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Wine will still draw people together after COVID-19 (opinion)

By ThisIsReno
Published: Last Updated on

Submitted by Bev Stenejhem

The current COVID-19 stay-at-home order hasn’t stopped me from socializing and enjoying my friends and family. The order and social distancing rules have only changed the way I socialize.

For instance, instead of a typical weekend potluck or cocktail party, my friends and I have resorted to “get-togethers” using Face Time, Zoom and other similar apps. We hold virtual happy hours where we can see and talk to each other in real time. With cocktails or wine in hand, we have a toast to each other before taking turns telling about our new inside life. These virtual meetings aren’t ideal, for nothing really takes the place of seeing each other in person; but for now, they are the best we can do.

Just a few short months ago, who could have ever thought our lives would be so dramatically altered by an invisible virus?  COVID-19 has certainly taken a toll on all our lives –  physically, mentally and economically.

Like most other businesses, Reno’s fledgling wine industry has been severely impacted by forced shut-downs and social distancing requirements. The COVID-19 virus is just the latest in a long list of setbacks that have challenged the American wine industry over the last century; starting with Phylloxera (aphid infestation) in the early 1900s, which nearly wiped out all of our vineyards.

Then in 1906, fires from the San Francisco earthquake destroyed millions of gallons of wine and several major wine cellars. With little time to recuperate from phylloxera and the earthquake, Prohibition started in 1920, criminalizing the manufacture and sale of wine. And to cap it all off, the Great Depression began in 1929. People could hardly afford bread, let alone wine.

Vino 100 selling wine by the case.
Vino 100 selling wine by the case, curbside. Image: Nora Heston Tarte

But a grape vine’s ability to survive is stronger than all its many and varied adversaries. The common grapevine (vitis vinifera)  has been growing wild for centuries and actually thrives in  poor soil and in times of drought. Grapes are the only fruit on earth that have everything they need – yeast, water, sugar – to turn themselves into wine.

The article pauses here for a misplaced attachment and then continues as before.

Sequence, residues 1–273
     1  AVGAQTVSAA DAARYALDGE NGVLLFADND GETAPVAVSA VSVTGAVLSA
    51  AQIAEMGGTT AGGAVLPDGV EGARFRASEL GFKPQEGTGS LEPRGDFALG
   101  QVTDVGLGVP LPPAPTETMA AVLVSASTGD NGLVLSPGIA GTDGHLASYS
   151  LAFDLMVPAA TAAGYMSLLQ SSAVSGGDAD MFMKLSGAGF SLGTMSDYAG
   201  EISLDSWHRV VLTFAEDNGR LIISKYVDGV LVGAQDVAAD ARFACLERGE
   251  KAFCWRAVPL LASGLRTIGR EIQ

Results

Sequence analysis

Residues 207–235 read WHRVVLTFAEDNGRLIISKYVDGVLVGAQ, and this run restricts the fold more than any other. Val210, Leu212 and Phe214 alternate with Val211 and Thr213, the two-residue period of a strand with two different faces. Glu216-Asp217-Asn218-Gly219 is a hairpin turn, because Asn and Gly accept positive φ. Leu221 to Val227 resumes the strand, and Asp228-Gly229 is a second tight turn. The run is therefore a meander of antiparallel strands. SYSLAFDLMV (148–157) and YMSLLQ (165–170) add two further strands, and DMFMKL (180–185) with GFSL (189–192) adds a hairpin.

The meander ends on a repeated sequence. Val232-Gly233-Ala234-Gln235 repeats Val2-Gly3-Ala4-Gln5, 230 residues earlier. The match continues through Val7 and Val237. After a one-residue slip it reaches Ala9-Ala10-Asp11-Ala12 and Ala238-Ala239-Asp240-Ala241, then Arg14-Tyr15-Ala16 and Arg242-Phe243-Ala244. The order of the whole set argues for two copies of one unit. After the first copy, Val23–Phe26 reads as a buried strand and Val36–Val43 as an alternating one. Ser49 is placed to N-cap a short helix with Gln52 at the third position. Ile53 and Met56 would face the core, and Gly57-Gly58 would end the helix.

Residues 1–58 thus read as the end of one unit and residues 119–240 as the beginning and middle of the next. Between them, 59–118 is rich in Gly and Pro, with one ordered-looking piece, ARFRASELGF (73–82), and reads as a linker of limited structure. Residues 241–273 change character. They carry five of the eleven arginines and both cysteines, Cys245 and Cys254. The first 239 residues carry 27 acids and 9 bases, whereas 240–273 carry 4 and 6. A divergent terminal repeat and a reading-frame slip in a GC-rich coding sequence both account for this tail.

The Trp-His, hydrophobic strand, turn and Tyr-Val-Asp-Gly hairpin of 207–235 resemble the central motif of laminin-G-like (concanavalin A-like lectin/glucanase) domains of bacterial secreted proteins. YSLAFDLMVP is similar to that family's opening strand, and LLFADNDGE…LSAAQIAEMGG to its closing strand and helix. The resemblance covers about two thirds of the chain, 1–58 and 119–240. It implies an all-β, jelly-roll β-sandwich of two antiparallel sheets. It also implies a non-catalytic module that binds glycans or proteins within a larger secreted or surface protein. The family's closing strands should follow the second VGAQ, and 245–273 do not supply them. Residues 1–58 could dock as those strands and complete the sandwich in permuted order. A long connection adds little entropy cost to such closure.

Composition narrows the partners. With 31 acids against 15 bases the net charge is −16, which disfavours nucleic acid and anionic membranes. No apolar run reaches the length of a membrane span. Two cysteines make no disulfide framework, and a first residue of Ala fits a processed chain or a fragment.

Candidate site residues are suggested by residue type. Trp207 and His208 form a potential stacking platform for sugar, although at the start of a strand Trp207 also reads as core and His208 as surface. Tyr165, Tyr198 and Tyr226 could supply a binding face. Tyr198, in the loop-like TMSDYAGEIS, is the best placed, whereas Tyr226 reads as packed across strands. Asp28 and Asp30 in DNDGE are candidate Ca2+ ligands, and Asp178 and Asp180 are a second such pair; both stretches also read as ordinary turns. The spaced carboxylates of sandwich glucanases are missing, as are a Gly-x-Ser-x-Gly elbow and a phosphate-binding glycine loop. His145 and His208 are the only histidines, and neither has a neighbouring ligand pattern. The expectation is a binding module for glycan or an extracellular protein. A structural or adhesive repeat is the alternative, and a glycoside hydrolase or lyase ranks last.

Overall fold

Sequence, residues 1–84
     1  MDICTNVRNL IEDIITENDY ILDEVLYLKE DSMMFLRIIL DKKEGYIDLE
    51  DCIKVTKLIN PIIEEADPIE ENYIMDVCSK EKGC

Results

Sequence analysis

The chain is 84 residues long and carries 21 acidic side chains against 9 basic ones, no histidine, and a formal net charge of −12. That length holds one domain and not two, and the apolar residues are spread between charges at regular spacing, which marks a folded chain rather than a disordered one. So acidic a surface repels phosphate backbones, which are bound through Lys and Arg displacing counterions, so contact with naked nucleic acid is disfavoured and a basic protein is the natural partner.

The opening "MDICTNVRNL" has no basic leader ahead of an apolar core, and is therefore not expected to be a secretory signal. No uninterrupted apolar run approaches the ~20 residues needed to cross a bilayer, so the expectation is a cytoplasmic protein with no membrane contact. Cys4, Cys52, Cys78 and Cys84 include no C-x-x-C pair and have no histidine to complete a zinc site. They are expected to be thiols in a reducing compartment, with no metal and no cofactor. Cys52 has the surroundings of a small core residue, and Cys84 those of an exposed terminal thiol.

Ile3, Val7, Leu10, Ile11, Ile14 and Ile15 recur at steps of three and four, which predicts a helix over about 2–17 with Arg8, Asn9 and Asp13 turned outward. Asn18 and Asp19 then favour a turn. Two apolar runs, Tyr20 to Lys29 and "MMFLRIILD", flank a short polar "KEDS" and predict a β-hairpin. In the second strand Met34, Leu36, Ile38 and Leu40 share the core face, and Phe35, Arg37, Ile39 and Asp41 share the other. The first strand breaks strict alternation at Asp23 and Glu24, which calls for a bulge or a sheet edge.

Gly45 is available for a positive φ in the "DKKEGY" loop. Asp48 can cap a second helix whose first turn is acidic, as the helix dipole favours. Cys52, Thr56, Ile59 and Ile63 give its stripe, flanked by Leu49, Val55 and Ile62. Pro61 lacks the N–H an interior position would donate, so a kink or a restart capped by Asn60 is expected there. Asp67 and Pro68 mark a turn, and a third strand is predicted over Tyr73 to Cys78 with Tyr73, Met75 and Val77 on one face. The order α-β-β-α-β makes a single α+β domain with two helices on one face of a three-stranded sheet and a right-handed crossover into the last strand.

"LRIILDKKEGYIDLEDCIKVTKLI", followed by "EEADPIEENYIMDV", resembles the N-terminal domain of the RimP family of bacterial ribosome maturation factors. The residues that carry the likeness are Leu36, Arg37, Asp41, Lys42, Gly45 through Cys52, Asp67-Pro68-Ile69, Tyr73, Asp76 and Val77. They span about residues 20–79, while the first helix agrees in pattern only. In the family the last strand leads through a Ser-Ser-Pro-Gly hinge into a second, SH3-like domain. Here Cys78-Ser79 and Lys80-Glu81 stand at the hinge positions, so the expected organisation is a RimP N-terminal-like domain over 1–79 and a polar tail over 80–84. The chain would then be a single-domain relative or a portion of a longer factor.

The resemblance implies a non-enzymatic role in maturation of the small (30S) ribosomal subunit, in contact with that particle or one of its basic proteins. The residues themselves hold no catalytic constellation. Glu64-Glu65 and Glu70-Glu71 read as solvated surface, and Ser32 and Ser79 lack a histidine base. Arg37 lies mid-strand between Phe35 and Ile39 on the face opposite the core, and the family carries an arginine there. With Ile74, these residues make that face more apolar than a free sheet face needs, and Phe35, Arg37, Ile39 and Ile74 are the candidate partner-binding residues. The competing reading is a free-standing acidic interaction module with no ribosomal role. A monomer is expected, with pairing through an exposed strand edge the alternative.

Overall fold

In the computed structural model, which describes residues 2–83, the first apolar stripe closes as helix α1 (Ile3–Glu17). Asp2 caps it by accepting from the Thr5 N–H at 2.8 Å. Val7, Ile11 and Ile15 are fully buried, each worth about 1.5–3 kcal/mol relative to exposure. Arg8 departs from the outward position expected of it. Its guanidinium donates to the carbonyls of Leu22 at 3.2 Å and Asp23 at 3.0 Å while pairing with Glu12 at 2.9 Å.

That being said, it takes a skillful wine maker to turn a grape into great wine. After the end of Prohibition in 1933, our wineries, slowly made a comeback. By the 1970s,  West Coast wine makers made wine so good that they overtook French wines in quality and status– producing wines that became the darlings of the wine world.

COVID-19 is just another setback that can and will be overcome. Wineries and wine shops are still open for business – most all are offering curbside pick-up or deliveries. It is imperative that wine consumers continue to place orders and patronize these local gems.

Reno residents are hopeful that stay-at-home orders will soon ease and shops and businesses will be open again. When all the social-distancing mandates have ended, and people feel safe to gather again, our cravings for human contact will depend on gathering spots like our wineries and wine shops.  Sure, there is apt to be changes with increased sanitation and social-distancing of patrons. But, there is no doubt in my mind that, like the hearty grape, Reno’s wine industry is here to stay.

Bev Stenejhem

Bev recently moved to Reno from the Bay Area where she finished out a career in Human Resources and, as a side gig, wrote about the local wineries there in a weekly wine column. She also published a historical photo book, The Wineries of Santa Clara Valley. A self-described wine enthusiast, Bev enjoys discovering the people behind the wine, becoming friends and celebrating good times. Bev is a member of Nevada Vines and Wines and is excited to explore and share Reno’s budding wine industry with our readers.

Submitted opinions do not necessarily reflect the views of This Is Reno. Have something to say? Submit an opinion article here.

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